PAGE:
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Job (or Jobe) Grainger

There is little extent biographical information on Jobe Grainger. According to contemporary accounts, Grainger was an African Americans man who lived in Simpson County until 1891.  He worked as a farmhand in the town of Franklin near the Kentucky-Tennessee border. His name was various spellings in different newspapers, as “Job” or “Jobe.” He also went by Job Grainger or Jobe, stated by the newspaper that reported his death. Ancestry.com lists a John Henry Grainger of Simpson County in the 1850 slave schedule as the closest listed relative to Job Grainger. Job could have been formerly enslaved by John Henry Grainger and took his last name. Job Grainger He may have continued to work in the same fields after slavery was abolished as a farmhand.

According to the Louisville Courier-Journal and the Knoxville Daily Tribune, on July 25 Grainger had a heated argument with his white employer, but there is no record of the cause or focus of the argument. Grainger allegedly chased the employer out of the area with a knife. He was found the next day hanging from a tree. Witnesses said the assailants were masked, but they offered no other information or testimony. Grainger’s employer may have formed a mob to lynch him.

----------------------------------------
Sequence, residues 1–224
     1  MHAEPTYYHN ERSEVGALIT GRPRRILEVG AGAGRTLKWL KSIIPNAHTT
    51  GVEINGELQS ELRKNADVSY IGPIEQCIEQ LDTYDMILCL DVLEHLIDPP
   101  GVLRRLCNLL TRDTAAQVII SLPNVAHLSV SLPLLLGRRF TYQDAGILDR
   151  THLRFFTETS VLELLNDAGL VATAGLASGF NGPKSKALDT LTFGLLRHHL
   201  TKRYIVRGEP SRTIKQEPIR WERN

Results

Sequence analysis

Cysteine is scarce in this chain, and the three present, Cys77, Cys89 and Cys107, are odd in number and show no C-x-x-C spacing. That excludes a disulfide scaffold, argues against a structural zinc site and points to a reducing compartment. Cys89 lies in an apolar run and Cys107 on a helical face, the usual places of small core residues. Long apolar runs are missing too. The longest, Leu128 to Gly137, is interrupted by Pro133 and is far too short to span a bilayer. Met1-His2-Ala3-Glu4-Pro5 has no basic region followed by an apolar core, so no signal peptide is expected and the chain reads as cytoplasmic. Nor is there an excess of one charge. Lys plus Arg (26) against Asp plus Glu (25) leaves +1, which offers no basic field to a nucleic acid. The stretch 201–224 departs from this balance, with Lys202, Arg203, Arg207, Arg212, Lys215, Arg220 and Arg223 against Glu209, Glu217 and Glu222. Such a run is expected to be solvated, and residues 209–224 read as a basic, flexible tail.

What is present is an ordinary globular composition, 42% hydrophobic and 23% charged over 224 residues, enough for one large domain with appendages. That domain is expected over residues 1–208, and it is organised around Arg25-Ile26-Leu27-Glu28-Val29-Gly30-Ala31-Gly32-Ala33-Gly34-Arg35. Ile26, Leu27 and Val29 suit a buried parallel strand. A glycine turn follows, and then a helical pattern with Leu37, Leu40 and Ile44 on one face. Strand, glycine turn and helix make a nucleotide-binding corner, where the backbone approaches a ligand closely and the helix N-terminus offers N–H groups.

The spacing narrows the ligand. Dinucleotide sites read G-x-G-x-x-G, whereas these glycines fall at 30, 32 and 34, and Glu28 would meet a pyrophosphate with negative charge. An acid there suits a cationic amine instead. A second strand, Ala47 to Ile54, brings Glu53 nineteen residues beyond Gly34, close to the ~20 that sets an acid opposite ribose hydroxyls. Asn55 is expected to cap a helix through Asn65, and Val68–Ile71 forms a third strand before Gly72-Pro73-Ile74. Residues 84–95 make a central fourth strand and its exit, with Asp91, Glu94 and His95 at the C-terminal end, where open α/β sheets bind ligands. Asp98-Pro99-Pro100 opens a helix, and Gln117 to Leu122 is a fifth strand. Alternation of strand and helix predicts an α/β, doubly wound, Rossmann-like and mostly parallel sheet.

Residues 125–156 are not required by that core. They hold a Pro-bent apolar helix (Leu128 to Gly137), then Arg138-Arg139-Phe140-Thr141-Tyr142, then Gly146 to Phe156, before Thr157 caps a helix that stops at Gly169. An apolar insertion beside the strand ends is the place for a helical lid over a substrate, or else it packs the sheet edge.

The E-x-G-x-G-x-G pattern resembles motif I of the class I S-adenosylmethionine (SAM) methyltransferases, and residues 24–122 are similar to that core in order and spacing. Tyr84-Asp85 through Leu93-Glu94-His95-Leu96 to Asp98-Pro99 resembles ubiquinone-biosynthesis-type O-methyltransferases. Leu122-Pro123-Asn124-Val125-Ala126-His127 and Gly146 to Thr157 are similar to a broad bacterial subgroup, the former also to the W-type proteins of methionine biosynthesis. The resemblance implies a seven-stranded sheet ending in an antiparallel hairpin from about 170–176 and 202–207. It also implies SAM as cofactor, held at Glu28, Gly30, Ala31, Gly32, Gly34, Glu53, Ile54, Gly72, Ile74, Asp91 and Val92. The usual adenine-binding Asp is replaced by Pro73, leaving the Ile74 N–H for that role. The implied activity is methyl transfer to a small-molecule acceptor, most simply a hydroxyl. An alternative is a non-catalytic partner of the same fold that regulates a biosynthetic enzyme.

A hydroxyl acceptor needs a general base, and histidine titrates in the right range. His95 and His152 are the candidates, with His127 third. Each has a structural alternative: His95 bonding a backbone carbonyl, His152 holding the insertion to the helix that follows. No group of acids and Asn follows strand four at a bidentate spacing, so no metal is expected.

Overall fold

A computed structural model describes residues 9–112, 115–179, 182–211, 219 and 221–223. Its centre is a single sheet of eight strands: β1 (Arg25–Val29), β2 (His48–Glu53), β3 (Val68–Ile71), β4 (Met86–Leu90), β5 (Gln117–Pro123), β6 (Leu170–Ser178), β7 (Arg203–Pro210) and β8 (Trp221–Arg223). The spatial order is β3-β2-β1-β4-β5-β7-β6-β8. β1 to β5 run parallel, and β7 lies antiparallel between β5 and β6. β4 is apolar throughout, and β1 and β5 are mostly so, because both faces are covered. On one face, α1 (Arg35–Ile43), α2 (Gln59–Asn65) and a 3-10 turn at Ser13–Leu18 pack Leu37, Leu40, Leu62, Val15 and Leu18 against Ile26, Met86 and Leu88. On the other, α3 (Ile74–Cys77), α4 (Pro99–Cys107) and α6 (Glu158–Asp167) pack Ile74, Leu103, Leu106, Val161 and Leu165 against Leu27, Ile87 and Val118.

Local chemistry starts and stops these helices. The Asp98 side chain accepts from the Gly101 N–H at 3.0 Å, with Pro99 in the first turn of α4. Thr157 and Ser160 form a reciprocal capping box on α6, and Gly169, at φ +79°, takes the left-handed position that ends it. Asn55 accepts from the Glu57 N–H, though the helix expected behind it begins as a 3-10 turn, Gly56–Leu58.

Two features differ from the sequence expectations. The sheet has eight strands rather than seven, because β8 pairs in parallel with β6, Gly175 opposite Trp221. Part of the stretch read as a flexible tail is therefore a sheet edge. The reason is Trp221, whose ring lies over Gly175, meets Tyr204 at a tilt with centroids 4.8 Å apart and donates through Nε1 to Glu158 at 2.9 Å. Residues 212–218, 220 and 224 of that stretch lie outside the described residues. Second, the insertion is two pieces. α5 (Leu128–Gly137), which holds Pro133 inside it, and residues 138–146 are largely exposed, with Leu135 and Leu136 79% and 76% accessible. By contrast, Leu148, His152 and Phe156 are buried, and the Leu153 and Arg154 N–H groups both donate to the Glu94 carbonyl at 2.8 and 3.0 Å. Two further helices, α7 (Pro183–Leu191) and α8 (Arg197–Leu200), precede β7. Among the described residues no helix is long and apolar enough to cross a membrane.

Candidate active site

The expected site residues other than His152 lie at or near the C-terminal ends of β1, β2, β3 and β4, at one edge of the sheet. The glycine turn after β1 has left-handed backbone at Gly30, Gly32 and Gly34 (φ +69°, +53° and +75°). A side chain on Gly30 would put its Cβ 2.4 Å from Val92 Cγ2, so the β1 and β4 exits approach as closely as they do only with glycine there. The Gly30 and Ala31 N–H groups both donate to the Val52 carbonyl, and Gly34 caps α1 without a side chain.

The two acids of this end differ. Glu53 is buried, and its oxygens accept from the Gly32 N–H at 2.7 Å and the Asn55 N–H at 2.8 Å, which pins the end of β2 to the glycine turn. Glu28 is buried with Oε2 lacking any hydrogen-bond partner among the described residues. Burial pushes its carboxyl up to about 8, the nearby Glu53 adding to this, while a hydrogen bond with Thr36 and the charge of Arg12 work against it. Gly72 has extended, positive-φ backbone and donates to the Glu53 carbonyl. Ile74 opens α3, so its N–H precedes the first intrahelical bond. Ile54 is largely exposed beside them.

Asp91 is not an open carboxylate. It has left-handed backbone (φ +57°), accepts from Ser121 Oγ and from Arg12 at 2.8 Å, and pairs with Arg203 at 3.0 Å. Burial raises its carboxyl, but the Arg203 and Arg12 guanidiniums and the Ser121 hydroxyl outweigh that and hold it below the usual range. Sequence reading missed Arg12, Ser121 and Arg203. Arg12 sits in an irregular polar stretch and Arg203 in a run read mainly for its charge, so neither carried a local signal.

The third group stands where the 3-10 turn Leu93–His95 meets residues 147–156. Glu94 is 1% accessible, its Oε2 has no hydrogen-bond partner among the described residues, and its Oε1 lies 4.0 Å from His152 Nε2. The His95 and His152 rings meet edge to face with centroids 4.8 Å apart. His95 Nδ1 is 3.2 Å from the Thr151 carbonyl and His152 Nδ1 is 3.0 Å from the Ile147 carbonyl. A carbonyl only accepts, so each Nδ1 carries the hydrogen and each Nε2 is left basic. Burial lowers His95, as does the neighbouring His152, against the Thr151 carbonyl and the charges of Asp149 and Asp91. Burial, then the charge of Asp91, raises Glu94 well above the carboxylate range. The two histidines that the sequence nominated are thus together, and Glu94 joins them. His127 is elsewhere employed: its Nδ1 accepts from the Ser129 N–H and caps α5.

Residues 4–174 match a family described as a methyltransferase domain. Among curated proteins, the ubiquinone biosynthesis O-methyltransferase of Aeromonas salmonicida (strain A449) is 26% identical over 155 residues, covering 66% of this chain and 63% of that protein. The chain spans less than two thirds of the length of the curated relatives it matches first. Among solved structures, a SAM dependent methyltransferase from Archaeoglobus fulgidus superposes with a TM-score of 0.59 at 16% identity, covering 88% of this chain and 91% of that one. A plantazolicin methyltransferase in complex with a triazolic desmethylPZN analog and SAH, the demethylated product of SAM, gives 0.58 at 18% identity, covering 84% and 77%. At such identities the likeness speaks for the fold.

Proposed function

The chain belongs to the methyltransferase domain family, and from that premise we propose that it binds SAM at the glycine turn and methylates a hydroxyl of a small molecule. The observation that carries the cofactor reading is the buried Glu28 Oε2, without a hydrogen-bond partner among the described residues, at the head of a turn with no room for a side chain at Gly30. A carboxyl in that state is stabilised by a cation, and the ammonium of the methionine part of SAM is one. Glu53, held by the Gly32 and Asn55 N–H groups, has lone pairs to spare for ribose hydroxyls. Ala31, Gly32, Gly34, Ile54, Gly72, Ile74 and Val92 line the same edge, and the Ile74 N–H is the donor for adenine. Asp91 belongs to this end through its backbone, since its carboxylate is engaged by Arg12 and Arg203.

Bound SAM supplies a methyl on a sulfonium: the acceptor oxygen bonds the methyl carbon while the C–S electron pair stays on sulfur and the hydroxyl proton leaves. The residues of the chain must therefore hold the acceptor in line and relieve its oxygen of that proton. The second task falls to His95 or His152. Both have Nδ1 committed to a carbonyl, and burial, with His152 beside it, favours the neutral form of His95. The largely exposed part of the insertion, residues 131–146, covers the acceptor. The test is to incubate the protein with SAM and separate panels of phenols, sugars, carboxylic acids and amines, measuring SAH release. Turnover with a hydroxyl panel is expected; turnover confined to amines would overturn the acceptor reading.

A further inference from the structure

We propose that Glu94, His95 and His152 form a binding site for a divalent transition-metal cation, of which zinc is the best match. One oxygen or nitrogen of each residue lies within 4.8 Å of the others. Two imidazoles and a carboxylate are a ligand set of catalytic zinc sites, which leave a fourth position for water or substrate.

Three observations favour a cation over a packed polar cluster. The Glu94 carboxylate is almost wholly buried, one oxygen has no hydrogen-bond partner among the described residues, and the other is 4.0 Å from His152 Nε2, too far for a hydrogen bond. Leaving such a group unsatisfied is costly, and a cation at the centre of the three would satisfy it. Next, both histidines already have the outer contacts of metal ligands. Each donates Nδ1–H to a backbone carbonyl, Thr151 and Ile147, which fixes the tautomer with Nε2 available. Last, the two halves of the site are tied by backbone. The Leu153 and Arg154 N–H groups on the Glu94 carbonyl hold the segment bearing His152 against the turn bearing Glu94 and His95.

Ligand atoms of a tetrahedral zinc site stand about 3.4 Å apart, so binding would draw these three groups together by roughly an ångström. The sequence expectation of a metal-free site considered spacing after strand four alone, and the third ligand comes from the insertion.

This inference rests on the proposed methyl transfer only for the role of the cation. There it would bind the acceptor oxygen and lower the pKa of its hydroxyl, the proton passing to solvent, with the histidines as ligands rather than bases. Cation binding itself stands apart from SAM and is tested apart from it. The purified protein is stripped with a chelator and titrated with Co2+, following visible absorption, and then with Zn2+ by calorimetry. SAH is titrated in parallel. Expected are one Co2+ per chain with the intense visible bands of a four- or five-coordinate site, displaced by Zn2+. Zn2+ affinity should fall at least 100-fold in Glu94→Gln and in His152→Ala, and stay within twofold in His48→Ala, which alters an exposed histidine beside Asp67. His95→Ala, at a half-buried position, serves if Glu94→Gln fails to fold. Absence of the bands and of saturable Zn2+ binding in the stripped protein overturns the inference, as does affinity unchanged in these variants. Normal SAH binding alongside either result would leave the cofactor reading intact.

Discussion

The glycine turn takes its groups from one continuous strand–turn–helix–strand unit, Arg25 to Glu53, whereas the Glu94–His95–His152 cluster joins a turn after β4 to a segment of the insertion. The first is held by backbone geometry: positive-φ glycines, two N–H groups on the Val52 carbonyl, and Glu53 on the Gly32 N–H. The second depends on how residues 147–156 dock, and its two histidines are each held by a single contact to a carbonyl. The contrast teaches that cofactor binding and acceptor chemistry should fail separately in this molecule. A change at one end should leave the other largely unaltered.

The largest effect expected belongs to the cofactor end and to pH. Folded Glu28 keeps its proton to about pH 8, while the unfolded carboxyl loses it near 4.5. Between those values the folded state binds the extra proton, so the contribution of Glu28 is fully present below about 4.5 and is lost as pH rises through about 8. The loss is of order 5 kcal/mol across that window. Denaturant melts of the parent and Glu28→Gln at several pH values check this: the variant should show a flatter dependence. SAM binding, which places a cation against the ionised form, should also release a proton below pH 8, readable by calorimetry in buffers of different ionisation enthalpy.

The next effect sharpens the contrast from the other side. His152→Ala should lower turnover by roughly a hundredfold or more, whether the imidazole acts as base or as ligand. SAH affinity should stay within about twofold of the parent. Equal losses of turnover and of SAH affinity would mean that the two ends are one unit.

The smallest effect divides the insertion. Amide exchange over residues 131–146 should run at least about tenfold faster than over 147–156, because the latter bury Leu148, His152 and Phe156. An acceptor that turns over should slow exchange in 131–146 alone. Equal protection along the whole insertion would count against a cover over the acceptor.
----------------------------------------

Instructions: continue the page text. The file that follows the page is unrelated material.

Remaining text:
The Camden (TN) Chronicle used racially prejudiced language, calling Grainger “a bad negro.” The Atlanta Constitution referred to Grainger as an “insolent negro.”  Neither paper condemned the lynching, instead inferring that Grainger deserved to be lynched for running a white man out of his own field. Grainger was hanged from the same as Wesley Hicks and Jerry Taylor were hanged in 1885. Click on the link for the biographies of Hicks and Taylor.

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